Monday, October 4, 2010

Bittersweet Contest Winner

I woke up to my phone alarm Saturday morning. As I turned it off, I noticed I had an email from Writer's Digest. I quickly opened the email in hopes to find out the results from the Office Swag Giveaway Contest I entered. I read the email as quickly as I could to find out if I had won, and there it was: "the names of all the authors who wrote stories went into the magic hat, and four emerged--Nathan HonorĂ©, Dare Gaither, Laura M. Campbell and Jo O’Connor." I won!

My excitement spread across my face and I bounced around in bed. Upon reading the email more closely, I noticed, although it required participants to send in their response to the prompt, the winners were chosen at random. Disappointment swallowed my joyous celebration.

They didn't even read my response. The winners weren't chosen based on merit? How anticlimactic. Sigh. I laid back down and stared at my ceiling, upset and embarrassed. How could I tell anyone I won a writing contest when it was all random? Then I realized two things: I still won five books I didn't have to pay for and my name was emailed to everyone on the mailing list.

This prompt response was the first piece of fiction I'd written since graduating from Penn State eight years ago. I made myself a New Year's resolution this year to bring writing back into my life, and in the past six months I took several steps, dispelling the fantasy.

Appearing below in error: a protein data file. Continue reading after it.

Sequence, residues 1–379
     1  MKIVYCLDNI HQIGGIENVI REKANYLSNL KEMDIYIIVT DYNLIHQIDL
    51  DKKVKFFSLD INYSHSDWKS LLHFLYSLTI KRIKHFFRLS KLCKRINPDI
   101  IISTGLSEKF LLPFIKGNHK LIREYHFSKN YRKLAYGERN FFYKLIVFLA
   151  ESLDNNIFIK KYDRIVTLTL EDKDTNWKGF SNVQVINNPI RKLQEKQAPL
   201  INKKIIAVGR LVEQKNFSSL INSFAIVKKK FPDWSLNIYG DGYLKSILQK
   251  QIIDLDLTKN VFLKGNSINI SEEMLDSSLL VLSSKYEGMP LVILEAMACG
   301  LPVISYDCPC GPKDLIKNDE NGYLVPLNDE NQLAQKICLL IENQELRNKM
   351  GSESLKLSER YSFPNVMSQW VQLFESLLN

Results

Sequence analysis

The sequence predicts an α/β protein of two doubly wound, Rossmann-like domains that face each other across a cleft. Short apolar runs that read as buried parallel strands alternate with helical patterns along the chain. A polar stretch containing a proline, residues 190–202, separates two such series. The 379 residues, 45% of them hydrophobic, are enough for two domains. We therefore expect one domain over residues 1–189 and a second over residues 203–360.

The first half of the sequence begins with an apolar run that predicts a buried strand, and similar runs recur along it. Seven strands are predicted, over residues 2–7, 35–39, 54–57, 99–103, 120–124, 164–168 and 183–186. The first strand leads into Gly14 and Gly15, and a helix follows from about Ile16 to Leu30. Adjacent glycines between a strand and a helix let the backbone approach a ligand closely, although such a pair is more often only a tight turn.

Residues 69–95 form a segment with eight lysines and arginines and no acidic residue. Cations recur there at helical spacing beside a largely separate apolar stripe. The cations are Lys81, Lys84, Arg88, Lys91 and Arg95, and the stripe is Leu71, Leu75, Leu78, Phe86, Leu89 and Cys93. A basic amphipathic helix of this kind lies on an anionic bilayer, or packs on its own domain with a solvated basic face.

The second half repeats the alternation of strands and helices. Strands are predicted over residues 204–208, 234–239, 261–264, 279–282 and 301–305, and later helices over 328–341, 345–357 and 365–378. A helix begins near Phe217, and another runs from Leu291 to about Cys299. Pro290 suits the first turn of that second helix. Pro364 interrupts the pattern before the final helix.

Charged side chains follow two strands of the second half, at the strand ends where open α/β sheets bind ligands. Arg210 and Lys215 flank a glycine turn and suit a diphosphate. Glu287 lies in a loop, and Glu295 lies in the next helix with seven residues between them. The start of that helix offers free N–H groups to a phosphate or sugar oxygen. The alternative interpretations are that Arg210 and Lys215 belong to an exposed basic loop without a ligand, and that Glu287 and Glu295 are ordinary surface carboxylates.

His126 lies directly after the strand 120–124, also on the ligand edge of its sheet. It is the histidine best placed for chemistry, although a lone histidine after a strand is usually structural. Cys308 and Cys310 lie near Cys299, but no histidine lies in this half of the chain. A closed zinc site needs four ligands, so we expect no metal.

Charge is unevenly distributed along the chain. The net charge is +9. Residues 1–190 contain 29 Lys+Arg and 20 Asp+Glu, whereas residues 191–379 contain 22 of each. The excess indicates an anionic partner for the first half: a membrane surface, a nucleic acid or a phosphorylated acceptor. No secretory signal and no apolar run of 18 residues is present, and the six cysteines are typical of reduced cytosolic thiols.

Back in May when I joined Philadelphia Writer's Group, I was still teaching, dealing with the stress of 8th graders. My confidence didn't even register on a scale. I immediately signed up to attend a meeting in June. Unfortunately, being a wuss, I didn't show up. Two months later and a few moves up the scale, I finally made it. After three meet ups, I've become part of a community of writers that support and inspire each other.

At the beginning of each meet up, the head organizer, Julius, asks the members to share their successes and failures in their writing life. I shared my contest winning only after speaking with him. He told me that no matter how I won, I was entered into the contest because I submitted my writing. When I stopped to think about it, that was true. I finally put all the daydreaming aside, and actually put words on paper.

As my choices began to push my confidence up the scale, I ripped off the bandaid protecting my fragile ego and submitted this piece to my writer's group for critique. It's time to see what people think of my writing. As my excitement keeps me motivated, I plan to continue my writing, pushing my dreams into existence.